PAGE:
Like many who bought their first houses on Long Island in the 1950s, my parents worked hard and eventually escaped their cramped Brooklyn apartment to come live here. It required a group effort, with my mother's family living together under one roof with my parents and my two eldest brothers, who were followed by another boy and then me.
So when I told my mother I was moving into an apartment in Downtown Brooklyn in 1990, her reaction was understandable: "But your father and I worked so hard to get us OUT of Brooklyn."
I was in my mid-20s, a couple of years into my first real job, and I was moving within five miles of where she was born, schooled, courted, married and became a mother. For me, Brooklyn was the exciting frontier, and though my parents were crestfallen, off I went.More ExpresswayReader essaysReader essaysGet published in Newsday
I lived the next 25 years in the Borough of Kings, watching my neighborhood go from an edgy, drug-riddled area with affordable rent to a coveted destination filled with upscale restaurants, artisans and rising housing prices. I bought my meat from the butcher, coffee from the roaster, seafood from the fishmonger and bread from the baker, just as my mother did when she grew up. Meanwhile, my mother was more than happy to get all her shopping done in one giant supermarket in North Bellmore. And while I thrived in Brooklyn, it never truly felt like home, even as I witnessed the borough's lovely renaissance from my one-bedroom, fourth-floor condominium apartment downtown, two blocks from Junior's Resturant on Flatbush Avenue.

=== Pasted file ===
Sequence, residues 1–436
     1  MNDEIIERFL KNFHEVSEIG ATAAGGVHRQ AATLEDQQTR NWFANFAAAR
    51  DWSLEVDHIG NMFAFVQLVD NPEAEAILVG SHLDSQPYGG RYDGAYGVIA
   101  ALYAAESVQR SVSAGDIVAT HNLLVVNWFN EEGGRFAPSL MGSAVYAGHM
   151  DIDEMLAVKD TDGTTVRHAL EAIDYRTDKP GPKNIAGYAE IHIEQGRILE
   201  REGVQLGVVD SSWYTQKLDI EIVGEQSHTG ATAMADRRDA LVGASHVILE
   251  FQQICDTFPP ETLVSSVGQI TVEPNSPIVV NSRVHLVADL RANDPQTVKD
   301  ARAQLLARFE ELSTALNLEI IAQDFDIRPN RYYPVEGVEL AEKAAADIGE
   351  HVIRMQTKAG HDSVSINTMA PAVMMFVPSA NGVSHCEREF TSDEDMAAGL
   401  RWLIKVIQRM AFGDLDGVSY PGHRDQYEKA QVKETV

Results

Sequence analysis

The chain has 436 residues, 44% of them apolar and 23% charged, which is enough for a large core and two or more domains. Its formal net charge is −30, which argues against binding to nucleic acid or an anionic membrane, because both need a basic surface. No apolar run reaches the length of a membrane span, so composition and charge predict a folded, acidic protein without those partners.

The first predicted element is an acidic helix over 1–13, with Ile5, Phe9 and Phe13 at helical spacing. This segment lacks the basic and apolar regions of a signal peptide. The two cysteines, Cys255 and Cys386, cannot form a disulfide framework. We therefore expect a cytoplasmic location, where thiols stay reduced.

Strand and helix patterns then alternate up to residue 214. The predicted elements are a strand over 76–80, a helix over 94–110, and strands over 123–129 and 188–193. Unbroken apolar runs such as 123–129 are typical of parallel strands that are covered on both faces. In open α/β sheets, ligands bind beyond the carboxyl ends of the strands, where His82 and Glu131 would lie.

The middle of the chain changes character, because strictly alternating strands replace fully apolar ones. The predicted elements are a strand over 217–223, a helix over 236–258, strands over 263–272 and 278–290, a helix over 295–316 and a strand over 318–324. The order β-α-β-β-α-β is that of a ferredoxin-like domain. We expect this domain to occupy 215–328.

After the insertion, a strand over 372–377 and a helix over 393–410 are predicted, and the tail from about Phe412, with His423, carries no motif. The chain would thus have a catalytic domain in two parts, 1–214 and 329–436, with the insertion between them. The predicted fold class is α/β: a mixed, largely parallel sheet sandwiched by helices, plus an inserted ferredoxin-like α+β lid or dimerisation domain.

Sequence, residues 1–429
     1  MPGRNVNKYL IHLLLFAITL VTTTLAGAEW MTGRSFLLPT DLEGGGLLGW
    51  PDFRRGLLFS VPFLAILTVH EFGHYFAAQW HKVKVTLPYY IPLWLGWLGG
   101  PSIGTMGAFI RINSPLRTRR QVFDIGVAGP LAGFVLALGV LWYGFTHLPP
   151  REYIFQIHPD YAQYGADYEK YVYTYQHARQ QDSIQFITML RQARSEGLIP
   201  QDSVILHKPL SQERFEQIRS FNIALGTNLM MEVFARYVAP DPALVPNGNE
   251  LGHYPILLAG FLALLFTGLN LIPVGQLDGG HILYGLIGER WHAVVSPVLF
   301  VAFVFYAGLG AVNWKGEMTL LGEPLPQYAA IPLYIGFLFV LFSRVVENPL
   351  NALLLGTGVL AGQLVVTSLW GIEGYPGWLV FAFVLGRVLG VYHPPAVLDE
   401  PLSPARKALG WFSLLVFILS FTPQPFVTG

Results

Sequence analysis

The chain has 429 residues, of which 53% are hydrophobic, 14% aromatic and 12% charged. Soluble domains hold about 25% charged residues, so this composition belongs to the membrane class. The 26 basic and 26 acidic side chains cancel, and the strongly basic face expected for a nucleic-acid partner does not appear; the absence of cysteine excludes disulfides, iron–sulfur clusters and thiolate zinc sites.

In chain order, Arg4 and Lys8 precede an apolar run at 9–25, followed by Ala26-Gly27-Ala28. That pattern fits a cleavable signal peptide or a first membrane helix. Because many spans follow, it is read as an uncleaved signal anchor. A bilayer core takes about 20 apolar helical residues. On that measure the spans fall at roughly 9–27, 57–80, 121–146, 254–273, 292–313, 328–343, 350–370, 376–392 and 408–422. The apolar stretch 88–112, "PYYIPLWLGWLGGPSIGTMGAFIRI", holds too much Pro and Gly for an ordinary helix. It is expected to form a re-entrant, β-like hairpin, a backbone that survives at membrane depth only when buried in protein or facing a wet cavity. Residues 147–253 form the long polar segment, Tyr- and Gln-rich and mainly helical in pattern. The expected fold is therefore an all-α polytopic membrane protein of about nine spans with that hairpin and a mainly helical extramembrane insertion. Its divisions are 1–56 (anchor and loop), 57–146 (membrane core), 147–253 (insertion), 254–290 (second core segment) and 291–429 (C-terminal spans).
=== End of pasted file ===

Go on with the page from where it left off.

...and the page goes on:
Now I am back on Long Island, caring for my mother in the same house she has lived in for 64 years, and I find myself more keenly aware than ever of geographical and cultural differences.
In the city, Mondays mean that most museums are closed. On Long Island, Monday means most bakeries are closed.
Car-alarm beeps and squeals are ubiquitous in Brooklyn; leaf blowers are the loudest constant noise here.
Parking meters still exist here and take coins. The newfangled city method requires your credit card and produces vouchers to display on your dash. If you are lucky enough to have a car in the city, your trunk becomes an extra closet, and finding parking is a constant cloud hovering over you. Here it is a blissful luxury to have plentiful parking -- as long as you don't use the Carvel lot if you're going to My Hero in North Merrick.
Long Island loves a drive-through. Brooklyn is more famous for the drive-by. The small mammals that run wild around here have fluffy tails. In the city, they don't.
In Brooklyn, there's always an insanely long line at the best bagel shop in the morning. In a rare instance of complete overlap, I can report that it's exactly the same on Long Island.
But the most palpable benefit of moving back to the Island has been the lowering of my baseline anxiety level, and here's a prime example: My newspaper was routinely stolen from my foyer in Brooklyn. Back here, I can always count on finding my paper in front of the house. And often, a kind neighbor will grab it from the lawn and bring it up to the front door. Quite a difference in starting one's day. All in all, it's good to be home.
Reader Susan Biegler lives in North Bellmore.